After nearly five full months of taking blow after blow, apparently it was time to throw in the towel. Reeling New York law firm Dewey & LeBoeuf finally filed for Chapter 11 bankruptcy protection last night in Manhattan federal bankruptcy court.
In addition to the filing, Dewey also announced last night that it is seeking approval to liquidate its business after failing to find a merging partner. The firm said it would ask about 90 employees to remain on staff to assist in winding down the business. It has $315 million in liabilities, with $225 million of that owed to its banks. Former partners, landlords and even janitors are still owed money.
Dewey has assets of about $13 million in cash and about $255 million in accounts receivable and ongoing legal work, according to papers accompanying the filing, the Wall Street Journal reports. Funds should be available to unsecured creditors, the filing said.
“During the first quarter of 2012, the firm was confronted with liquidity constraints that led to the precipitous resignation of over 160 of the firm’s 300 partners by May 11,” the firm said.
At its height, the combined entities of Dewey Ballantine and LeBoeuf, Lamb, Greene & MacRae, which merged in 2007, had about 1,450 attorneys.
The financial trouble began before the merger, however, as LeBoeuf Lamb execs attracted top partners at other firms with massive pay packages that guaranteed millions over a number of years, current and former Dewey partners have said. At the time of the merger, the same practice was employed to retain the two firms’ talent. And the practice continued into this year, and even intensified, despite the mounting debt.
Given the huge sums owed to a small percentage of partners, the practice left little money for the rest of the firm’s lawyers, which led to the initial trickle of partner defections in early January that evolved into the all-out hemorrhage in April and May.
As of last week, only about 50 of the firm’s partners still remained. The firm already had let go its associates and much of its staff in the preceding weeks. According to the New York State Labor Department earlier this month, Dewey had terminated 433 of its 533 employees.
The Wall Street Journal had reported on May 18 that Dewey was preparing to file for bankruptcy despite many protestations by the firm leadership to the contrary. The Journal said that firm’s remaining partners and advisers were asked to be ready to file by the end of last week, although sources had added that the actual filing may not come until much later. Concurrent to the Journal’s report, Dewey also announced that it had engaged restructuring firm Zolfo Cooper to help it collect receivables and pay back lenders and creditors. Joff Mitchell, a senior managing director at Zolfo who currently is acting as Dewey’s chief restructuring officer, will spearhead the wind-down along with bankruptcy counsel Albert Togut, whom the firm brought on in April.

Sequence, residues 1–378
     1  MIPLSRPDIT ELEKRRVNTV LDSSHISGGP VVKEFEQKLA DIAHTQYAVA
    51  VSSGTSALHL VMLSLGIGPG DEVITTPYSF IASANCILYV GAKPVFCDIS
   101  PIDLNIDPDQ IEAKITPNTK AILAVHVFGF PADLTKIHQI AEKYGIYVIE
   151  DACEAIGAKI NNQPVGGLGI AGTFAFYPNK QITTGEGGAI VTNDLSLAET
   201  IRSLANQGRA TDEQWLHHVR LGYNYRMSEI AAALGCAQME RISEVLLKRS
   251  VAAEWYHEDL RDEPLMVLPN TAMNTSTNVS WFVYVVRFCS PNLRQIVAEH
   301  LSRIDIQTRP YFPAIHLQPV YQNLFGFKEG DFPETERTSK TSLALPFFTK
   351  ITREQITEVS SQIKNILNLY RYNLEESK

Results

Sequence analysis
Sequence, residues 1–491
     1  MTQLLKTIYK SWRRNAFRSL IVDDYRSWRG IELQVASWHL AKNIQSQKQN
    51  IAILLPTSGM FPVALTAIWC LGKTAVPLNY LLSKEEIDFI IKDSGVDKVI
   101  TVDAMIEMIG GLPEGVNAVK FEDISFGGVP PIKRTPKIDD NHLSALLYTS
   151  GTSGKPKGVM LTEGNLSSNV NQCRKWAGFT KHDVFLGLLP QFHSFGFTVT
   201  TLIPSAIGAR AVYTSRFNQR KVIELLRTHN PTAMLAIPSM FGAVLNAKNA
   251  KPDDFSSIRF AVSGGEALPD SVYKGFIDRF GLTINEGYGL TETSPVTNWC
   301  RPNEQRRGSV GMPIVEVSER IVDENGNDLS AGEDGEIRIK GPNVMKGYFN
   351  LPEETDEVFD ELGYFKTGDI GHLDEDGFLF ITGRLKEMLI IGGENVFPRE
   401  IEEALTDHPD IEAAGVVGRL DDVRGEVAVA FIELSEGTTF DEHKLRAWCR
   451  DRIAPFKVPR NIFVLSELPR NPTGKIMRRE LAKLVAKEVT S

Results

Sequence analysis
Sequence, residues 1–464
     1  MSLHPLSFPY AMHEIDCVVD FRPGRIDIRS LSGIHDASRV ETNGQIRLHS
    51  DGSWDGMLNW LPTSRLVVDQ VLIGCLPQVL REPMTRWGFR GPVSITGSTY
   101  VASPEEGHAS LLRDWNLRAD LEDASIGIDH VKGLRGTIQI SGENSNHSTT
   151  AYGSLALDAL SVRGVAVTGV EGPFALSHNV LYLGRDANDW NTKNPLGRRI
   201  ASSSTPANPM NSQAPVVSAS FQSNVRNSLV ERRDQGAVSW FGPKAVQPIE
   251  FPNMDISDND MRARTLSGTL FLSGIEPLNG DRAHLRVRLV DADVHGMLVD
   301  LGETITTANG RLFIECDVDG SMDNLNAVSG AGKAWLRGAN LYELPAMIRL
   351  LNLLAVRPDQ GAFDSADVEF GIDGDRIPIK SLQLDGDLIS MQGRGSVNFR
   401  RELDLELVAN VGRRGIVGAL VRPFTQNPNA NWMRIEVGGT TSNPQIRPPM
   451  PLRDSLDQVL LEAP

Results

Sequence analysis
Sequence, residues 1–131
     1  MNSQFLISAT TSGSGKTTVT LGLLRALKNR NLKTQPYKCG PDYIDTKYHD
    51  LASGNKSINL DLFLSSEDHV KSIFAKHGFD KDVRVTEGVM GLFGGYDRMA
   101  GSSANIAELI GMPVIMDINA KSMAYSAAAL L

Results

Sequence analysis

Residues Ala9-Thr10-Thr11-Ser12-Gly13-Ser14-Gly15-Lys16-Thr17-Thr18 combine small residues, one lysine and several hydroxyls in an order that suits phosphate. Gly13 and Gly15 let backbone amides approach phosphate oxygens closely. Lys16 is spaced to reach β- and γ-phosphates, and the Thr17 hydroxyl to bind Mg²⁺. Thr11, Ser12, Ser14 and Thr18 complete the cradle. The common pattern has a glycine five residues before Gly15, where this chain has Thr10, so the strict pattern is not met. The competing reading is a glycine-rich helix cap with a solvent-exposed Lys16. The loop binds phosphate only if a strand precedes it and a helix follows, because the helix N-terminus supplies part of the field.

Despite the bankruptcy filing, experts still expect lawsuits to mount up against the soon-to-be-defunct firm from disgruntled former partners to other outside interests. In fact, they’ve already begun.
The Pension Benefit Guaranty Corp. (PBGC), which oversees U.S. private-sector pension plans and interjects to cover plans when employers cannot pay the promised benefits, sued Dewey earlier this month.
PBGC seeks to assume three of the firm’s pension plans, which it claims are underfunded by $80 million. The agency is worried that the sale of Dewey affiliates, which are partly responsible for funding the pensions, could make it more difficult for PBGC to recoup money to make up for the shortfall.
Dewey’s landlord, Property Group Partners, also has sued the firm for more than $927,000 in unpaid rent in Washington, D.C., and seeks possession of the firm’s 140,000-square-foot offices on New York Ave. Furthermore, the firm is potentially facing a class action lawsuit brought by a former employee as a result of its layoffs.
And for more from InsideCounsel on Dewey, read: